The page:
Yesterday, Turkish Foreign Minister Abdullah Gul said he was considering upgrading Turkey's diplomatic representation to the Palestinian territories by appointing an ambassador, and hinted he might recall the Turkish ambassador to Israel for consultations in protest at Israeli actions in the West Bank and Gaza Strip.

    Gul said today that Turkey was considering recalling its ambassador in Tel Aviv and consul-general in Jerusalem to Ankara for "one or two days".

    He said Turkey's criticisms of Israeli policies were "the warnings of a friend".

    "We want to maintain healthy relations with Israel, but we say that their policies are wrong," Gul told the NTV television network.

    In an apparent reference to Israel, General Ilker Basbug, deputy head of the Turkish military, said today that in the context of Israeli-Palestinian violence, "attitudes of certain countries play a big role in the creation of terrorism".

    Despite the criticism, Paritzky said Erdogan indicated he would send Gul on a visit to Israel "if the situation calms down" and spoke of strengthening the countries' economic ties.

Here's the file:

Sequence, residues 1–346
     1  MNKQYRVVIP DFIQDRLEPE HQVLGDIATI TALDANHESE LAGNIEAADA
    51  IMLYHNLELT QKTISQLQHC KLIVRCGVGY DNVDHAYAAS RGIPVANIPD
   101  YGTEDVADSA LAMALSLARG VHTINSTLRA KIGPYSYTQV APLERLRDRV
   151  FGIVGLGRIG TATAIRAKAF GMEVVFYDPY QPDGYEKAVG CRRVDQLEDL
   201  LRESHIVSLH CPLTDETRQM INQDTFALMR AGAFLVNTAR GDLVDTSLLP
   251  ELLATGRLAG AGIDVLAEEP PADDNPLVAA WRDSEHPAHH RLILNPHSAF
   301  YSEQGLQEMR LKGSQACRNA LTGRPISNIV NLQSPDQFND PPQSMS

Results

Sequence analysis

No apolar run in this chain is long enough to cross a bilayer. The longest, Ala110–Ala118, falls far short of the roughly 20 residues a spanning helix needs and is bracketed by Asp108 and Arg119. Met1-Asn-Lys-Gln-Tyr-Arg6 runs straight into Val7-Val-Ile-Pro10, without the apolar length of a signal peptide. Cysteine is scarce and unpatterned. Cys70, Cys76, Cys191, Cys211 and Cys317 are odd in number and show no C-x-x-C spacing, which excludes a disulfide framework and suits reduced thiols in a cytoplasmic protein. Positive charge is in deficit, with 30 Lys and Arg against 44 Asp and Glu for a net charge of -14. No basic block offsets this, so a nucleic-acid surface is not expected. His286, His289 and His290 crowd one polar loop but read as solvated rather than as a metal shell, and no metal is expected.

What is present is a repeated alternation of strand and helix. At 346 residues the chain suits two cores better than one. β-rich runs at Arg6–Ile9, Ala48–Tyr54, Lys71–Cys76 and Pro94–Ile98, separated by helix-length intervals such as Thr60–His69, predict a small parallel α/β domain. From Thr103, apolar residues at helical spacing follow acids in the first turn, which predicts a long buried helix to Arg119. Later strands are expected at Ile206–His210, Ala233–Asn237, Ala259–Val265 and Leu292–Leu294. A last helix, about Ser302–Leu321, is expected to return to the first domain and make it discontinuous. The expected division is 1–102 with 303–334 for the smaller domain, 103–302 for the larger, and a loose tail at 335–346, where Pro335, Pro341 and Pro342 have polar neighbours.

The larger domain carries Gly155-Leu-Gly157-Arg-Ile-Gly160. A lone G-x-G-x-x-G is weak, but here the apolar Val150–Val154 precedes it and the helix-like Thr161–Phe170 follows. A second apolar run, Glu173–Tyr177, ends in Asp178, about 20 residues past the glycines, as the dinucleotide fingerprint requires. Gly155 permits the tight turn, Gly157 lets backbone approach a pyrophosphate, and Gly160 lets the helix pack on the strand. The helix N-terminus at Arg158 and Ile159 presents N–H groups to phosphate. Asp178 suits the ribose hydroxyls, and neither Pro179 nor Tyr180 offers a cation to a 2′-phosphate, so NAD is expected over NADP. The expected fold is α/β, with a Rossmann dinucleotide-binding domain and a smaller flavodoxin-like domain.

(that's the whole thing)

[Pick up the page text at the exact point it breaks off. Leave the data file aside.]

"I asked sarcastically, 'Are you making deals with a terrorist nation?'" Paritzky said. "He (Erdogan) smiled and didn't answer."

    Bilateral trade between Israel and Turkey reached $US1.2 billion ($1.7 billion) in 2002, and Turkey has bought $US3 billion ($4.26 billion) worth of Israeli weapons since 1996. Turkey is also a top foreign holiday destination, visited by some 300,000 Israelis a year.

    While in Ankara, Paritzky oversaw the signing of a $US800 million ($1.13 billion) deal for the construction of three natural gas power stations in Israel between Israel's Dorad Energies Ltd and Turkey's Zorlu Holding. Turkey also recently signed a deal to sell water to Israel.

    "Our relationship with Turkey is one that is based on very simple, concrete things," Amos Yaron, director-general of Israel's Defence Ministry, told Israel Radio. "There are far-reaching strategic understandings between us and the Turks.",4057,9682050%5E1702,00.html